Stewart, who is a co-owner of the Stewart-Haas Racing team that fields four cars in NASCAR’s premier Monster Energy Cup Series, said that Button’s tweet is a reflection of the growing positivity about the sport’s future.
More Jenson Button news:
Honda, with whom Button has long been aligned and raced for in Japan’s Super GT series since leaving F1, is monitoring the Gen-7 rules set to be put in place from 2021 and has admitted its interest as soon as it becomes economically viable for it to participate.
California-based Button tweeted “Sign me up!!” in reply to our story.
“That would be great!” exclaimed Stewart when asked by Motorsport.com about Button’s tweet. “Just like Danica Patrick was great for our sport when she came in, to have someone like Jenson come in would be huge for our sport.
“But just for him to make that kind of remark, it makes me smile that he would be even interested. I think NASCAR is going in a good direction, there is a lot of really big changes that are going to be a shock-and-awe situation for a lot of fans that we have not seen in our sport, so I think NASCAR is getting ready to take some big steps that are going to open people’s eyes in the future.”
When asked how quickly a driver from an F1 background could adapt to NASCAR, Stewart replied: “[Juan Pablo] Montoya did it. Race car drivers are race car drivers, no matter what cars they run. What separates the good ones from the great ones, the great ones learn how to adapt to a different feel.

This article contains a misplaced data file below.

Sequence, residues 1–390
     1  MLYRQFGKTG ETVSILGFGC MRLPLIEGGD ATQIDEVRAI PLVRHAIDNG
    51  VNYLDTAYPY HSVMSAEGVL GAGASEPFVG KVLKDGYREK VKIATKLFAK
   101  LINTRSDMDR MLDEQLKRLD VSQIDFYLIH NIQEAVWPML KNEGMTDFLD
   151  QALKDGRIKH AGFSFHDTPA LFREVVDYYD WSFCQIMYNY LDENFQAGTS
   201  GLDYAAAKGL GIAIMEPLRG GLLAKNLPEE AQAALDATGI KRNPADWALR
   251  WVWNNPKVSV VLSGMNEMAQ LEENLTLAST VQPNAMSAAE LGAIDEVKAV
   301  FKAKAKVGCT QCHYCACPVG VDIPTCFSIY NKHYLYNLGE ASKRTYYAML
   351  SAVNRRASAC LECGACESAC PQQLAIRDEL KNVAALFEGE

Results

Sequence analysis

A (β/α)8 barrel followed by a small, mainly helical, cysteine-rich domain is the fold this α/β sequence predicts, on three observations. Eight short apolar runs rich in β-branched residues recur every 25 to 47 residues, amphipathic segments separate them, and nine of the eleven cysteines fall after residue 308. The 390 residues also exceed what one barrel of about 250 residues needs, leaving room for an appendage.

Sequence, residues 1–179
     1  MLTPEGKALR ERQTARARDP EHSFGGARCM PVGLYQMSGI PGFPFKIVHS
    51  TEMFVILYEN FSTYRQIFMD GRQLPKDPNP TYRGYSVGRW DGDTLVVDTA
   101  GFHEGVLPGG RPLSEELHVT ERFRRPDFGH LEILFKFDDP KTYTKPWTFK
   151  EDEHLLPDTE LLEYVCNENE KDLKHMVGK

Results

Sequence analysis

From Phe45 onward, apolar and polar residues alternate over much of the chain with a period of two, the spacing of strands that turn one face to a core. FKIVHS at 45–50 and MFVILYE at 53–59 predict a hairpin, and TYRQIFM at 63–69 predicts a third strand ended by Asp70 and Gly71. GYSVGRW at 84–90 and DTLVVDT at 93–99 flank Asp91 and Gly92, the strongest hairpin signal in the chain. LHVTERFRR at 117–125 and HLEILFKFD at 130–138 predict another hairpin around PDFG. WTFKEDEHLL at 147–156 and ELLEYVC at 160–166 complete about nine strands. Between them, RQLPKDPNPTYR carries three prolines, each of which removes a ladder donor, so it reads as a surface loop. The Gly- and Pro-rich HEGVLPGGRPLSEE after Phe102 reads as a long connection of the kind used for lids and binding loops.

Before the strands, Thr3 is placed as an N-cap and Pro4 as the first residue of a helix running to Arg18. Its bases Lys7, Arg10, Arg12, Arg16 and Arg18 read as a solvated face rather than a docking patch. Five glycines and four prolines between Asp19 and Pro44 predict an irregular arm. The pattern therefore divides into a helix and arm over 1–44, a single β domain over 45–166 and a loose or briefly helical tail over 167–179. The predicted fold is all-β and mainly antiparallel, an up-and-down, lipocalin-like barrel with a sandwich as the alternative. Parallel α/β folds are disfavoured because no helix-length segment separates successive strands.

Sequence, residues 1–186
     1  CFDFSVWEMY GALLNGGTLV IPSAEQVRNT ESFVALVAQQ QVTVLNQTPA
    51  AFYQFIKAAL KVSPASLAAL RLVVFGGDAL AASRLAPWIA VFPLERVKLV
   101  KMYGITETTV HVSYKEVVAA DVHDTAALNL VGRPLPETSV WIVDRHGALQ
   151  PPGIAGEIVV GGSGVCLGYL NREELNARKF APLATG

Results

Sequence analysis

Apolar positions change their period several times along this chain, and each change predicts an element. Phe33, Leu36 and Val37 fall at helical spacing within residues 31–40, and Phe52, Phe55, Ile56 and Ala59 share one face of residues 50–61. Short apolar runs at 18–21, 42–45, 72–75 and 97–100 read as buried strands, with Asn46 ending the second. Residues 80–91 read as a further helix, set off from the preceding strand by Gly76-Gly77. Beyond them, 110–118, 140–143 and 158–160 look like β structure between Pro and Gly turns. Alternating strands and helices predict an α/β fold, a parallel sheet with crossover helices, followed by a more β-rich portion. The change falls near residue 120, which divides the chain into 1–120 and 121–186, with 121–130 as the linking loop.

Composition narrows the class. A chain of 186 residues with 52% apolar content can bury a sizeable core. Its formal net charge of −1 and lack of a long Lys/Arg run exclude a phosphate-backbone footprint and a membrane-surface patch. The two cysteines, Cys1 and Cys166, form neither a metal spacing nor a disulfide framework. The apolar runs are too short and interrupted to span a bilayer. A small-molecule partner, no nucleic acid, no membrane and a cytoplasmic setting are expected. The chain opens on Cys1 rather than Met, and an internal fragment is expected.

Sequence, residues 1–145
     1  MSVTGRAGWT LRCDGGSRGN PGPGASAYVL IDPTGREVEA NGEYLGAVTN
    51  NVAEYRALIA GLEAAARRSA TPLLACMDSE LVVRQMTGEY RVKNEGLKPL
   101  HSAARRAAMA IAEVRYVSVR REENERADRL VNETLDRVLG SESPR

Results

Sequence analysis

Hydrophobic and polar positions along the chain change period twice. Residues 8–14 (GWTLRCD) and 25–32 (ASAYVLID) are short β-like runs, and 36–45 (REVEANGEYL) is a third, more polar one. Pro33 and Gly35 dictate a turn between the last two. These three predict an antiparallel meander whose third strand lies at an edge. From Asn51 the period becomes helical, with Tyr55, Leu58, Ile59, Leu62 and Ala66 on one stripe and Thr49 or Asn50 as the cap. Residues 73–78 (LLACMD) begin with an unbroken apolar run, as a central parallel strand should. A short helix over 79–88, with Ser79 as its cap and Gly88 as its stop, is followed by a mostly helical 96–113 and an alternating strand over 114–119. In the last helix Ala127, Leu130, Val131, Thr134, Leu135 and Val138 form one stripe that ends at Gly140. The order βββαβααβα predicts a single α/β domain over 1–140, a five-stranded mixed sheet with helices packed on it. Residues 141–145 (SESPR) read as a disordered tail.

“They don’t get stuck in a feel for a race car, they know how to adapt and read what that the race car is wanting and learn to change their driving style to accommodate it. So there is plenty of race car drivers that can do that.”
Hybrid power a key element of NASCAR's future
Part of NASCAR’s next-generation discussions have been powertrains that are more road-relevant than its current breed of V8s, and this is a key element in the attempt to lure a new manufacturer like Honda. The use of some form of hybrid-powered engine has been tabled by manufacturers, as they look the shape the future of the sport.
“They’re already looking at the hybrid route, so I don’t know how that will play into our series, but I know that’s in discussions with NASCAR,” said Stewart. “They are looking in directions that they’ve never looked at for our sport in the past. I think there’s some really neat things ahead.
“It’s our society, it’s the world we live in. When you’re in a sport where the cars you’re driving are cars that people are trying to buy, the old theory was ‘win on Sunday, sell on Monday’. If they’re selling hybrids on Monday and winning with V8s on Sunday that you don’t even have in the showroom floor, it’s hard to sell it. So keeping the cars relevant to what the people are buying, what the consumers are driving, is very important. Not only for F1, but soon to be NASCAR.”
When asked if he personally supported the push for hybrid power in NASCAR, Stewart replied: “As a racecar driver, I don’t care if we’re racing pedal cars. Racers just wanna race. They don’t care if it’s four cylinders, V8, turbochargers, hybrids – they don’t care, they just wanna be faster than the other guy.”